To conduct the tests, The Times gathered AI images from artists and researchers familiar with variations of generative tools like Midjourney, Stable Diffusion and DALL-E, which can create lifelike portraits of people and animals, and lifelike depictions of nature, real estate, , food and more. The actual images used were from the Times photo archive.

Here are seven examples:

Note: Images cropped from original size.

The sensing technology has been heralded as a way to mitigate the harm of AI images.

Artificial intelligence experts like Chenhao Tan, an assistant professor of computer science at the University of Chicago and director of its Human+AI research lab in Chicago, are less convinced.

Overall I don’t think they’re great, and I’m not optimistic they will be, she said. In the short term, it is possible that they will be able to do with some accuracy, but in the long term, anything special that a human does with images, even the AI ​​will be able to recreate and it will be very difficult to distinguish the difference.

Most of the concerns were with realistic portraits. Florida Governor Ron DeSantis, who is also a Republican presidential candidate, has come under fire after his campaign used AI-generated imagery in a post. Synthetically generated artwork that focuses on the scenery has also caused confusion in political contests.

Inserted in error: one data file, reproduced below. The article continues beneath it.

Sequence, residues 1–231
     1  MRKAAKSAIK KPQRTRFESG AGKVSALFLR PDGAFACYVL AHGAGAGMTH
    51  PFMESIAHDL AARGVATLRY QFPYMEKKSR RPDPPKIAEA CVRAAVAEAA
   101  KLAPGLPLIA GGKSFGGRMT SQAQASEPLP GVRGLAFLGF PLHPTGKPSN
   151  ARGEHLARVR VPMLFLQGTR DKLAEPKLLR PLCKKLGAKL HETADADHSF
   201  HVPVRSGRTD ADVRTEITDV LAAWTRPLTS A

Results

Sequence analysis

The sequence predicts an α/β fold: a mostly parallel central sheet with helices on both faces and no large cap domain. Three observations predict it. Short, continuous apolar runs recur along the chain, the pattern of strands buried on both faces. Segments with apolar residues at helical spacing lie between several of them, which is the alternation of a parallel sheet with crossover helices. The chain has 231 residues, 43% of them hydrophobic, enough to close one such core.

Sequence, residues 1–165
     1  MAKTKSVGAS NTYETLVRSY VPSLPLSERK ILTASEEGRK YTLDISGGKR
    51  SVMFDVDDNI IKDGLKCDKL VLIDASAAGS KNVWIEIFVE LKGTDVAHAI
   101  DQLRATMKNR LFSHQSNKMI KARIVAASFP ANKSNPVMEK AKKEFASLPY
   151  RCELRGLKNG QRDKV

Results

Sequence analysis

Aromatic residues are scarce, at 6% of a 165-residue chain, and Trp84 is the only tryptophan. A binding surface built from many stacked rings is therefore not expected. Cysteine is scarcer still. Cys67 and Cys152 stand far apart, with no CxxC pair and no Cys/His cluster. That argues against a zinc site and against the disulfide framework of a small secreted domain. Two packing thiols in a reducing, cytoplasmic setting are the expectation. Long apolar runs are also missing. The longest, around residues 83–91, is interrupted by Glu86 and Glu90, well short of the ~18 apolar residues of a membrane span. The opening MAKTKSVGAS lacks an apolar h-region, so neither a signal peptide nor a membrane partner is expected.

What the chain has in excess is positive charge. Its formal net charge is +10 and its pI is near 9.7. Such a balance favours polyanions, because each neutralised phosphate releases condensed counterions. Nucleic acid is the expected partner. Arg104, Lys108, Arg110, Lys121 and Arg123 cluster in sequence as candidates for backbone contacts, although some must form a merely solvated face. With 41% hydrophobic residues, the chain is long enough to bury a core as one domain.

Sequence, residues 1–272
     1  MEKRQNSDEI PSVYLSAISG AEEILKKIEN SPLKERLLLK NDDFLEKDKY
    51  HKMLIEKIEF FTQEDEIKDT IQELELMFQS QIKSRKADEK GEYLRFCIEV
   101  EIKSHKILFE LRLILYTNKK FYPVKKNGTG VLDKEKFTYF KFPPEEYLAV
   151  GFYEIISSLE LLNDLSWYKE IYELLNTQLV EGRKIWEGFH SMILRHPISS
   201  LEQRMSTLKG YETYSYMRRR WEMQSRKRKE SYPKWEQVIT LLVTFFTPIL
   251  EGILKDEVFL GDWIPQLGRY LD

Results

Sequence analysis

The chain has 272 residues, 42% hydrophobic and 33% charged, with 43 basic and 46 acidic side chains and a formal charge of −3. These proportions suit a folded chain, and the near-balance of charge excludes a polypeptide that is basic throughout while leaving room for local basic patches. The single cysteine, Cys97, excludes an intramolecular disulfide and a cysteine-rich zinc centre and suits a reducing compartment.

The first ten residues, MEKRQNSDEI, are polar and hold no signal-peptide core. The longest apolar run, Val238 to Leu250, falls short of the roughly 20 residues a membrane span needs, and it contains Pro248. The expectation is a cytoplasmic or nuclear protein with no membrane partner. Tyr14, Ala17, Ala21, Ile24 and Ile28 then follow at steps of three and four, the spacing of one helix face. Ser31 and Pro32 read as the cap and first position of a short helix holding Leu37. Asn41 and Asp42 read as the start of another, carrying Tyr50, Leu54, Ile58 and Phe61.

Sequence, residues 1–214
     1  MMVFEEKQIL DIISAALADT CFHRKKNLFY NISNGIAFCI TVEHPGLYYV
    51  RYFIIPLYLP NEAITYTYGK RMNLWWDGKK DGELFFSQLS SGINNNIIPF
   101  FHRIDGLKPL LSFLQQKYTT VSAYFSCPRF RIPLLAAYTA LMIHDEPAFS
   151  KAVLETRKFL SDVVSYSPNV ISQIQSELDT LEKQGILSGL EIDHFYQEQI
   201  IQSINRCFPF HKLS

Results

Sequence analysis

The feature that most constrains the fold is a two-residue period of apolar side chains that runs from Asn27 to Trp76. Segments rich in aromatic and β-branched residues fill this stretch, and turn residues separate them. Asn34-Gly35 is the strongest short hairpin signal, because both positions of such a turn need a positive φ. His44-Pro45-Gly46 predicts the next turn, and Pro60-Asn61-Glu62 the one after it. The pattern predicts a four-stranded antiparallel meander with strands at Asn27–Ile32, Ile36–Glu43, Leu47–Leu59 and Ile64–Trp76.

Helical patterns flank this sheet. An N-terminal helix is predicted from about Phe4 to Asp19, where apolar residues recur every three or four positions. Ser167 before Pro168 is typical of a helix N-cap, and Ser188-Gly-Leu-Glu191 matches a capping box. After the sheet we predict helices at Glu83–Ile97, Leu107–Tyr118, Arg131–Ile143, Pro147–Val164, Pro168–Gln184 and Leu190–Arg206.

Many of the companies behind AI detectors acknowledged that their tools were flawed and warned of a technological arms race: detectors often have to catch up with AI systems that seem to be improving by the minute.

Every time someone builds a better generator, people build better discriminators, and then people use the better discriminator to build a better generator, said Cynthia Rudin, a professor of computer science and engineering at Duke University, where she is also a principal investigator at Interpretable. Machine learning lab. Generators are designed to fool a detector.

Sometimes, detectors fail even when an image is obviously fake.

Dan Lytle, an artist who works with artificial intelligence and runs a TikTok account called The_AI_Experiment, asked Midjourney to create a vintage image of a giant Neanderthal standing among regular men. He has produced this aged portrait of a towering Yeti-like beast alongside a colorful couple.

Generated by artificial intelligence


Test results from the image of a giant